We are going to descend some snow-covered glacier on skis while roped-up. If my partner falls into a crack, and I stopped him (i.e. didn't get dragged down there), what should we do next?

  1. Assuming he is hanging in space and wants to get out by himself, what should I do to provide a reliable anchor point for him? Just brace myself as hard as possible?
  2. Assuming he can drill some ice-screws and unload the rope, what should I do now to make a good anchor? Just dig the snow to get to the ice below, and get some ice-screws there, or maybe invent some setup with skis secured in snow?
  3. Is it realistic to expect a good outcome if we don't have any other help (just the two of us)?

We have some basic gear (ice-axe, ice-screws, 50 m of rope, pulleys, karabiners, crampons); is there some specific piece of equipment that is worth having in this situation?

  • 12
    Crevasse rescue is a complicated skill that is far too important to leave to a few questions on stack exchange.
    – Felix
    Commented Mar 27, 2014 at 0:01
  • Read the answers here, then realize you need to go take a mountaineering course on glacier travel and crevasse rescue :)
    – Ryley
    Commented Apr 9, 2014 at 5:22
  • I totally agree. Having gone through practical training in Crevasse Rescue with a Mountain Guide I knew, while in the European Alps, I came to the conclusion that if I was roped with only one other climber and they fell deep into a crevasse unexpectedly, I would follow them in as well!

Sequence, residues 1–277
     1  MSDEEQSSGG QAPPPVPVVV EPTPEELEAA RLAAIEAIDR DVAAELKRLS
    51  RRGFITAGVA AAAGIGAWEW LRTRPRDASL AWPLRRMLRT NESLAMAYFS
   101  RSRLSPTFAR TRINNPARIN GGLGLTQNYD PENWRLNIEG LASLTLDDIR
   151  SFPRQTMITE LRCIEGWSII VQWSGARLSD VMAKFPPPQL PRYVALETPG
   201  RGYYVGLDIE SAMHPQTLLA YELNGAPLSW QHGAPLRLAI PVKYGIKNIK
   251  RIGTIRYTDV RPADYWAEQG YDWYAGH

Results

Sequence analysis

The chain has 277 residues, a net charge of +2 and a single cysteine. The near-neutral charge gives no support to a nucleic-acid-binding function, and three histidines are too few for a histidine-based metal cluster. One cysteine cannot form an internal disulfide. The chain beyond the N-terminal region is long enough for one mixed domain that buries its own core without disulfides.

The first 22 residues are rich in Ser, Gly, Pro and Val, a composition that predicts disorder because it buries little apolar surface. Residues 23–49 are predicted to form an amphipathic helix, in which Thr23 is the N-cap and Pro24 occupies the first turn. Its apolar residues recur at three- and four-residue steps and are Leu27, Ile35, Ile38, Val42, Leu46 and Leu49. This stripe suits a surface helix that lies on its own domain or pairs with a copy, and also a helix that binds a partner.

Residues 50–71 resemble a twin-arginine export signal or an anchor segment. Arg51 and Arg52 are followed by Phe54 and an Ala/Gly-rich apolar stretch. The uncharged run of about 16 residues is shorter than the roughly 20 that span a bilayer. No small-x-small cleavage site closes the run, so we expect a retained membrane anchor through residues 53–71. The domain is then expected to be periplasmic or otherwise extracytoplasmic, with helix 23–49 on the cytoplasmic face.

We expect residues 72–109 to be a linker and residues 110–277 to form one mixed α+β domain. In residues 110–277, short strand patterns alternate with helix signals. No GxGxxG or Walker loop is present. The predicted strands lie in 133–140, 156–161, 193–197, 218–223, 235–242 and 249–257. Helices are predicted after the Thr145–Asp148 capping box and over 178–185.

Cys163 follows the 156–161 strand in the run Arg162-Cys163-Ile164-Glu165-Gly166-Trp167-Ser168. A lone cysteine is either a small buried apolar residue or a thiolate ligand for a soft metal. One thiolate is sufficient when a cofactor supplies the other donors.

– Paul Lydon
    Commented Oct 30, 2014 at 12:20

1 Answer 1


First, see my comment above. Get some professional instruction. Seriously.

To answer your points directly:

  1. Build a snow anchor, then transfer the load to your anchor. Holding your partner's weight for the entire duration of a self rescue would be a bad idea.
  2. Building an anchor is independent of what your partner is doing. Always build an anchor. On glaciers, you'll most likely build a deadman anchor with an ice axe. It's possible to do a deadman with a ski, but it's time consuming and probably impossible to do alone while holding your partner.
  3. Crevasse rescue with a team of two just adds to the complexity. At a minimum, you'll need to be able to arrest the fall, build an anchor, transfer the load, check on your partner, build a haul system, and effect the rescue. Oh, and you'll be by yourself.

Most likely, you'll be traveling with knots in the rope. Your best luck for a haul system is a Canadian drop loop (6:1) system. This provides enough mechanical advantage for a single rescuer to pull a victim out.

I'll add some references that you should use in addition to professional advice:

  • Alpine Climbing: Techniques to Take You Higher (Houston, Cosley)
  • Freedom of the Hills (Mountaineers books)
  • Glacier Mountaineering, illustrated (Tyson, Clelland)
  • Glacier Travel & Crevasse Rescue (Selters)

Unfortunately, Accidents in North American Mountaineering is littered with reports of climbers getting into trouble on glacier because they didn't know how to perform a rescue correctly.

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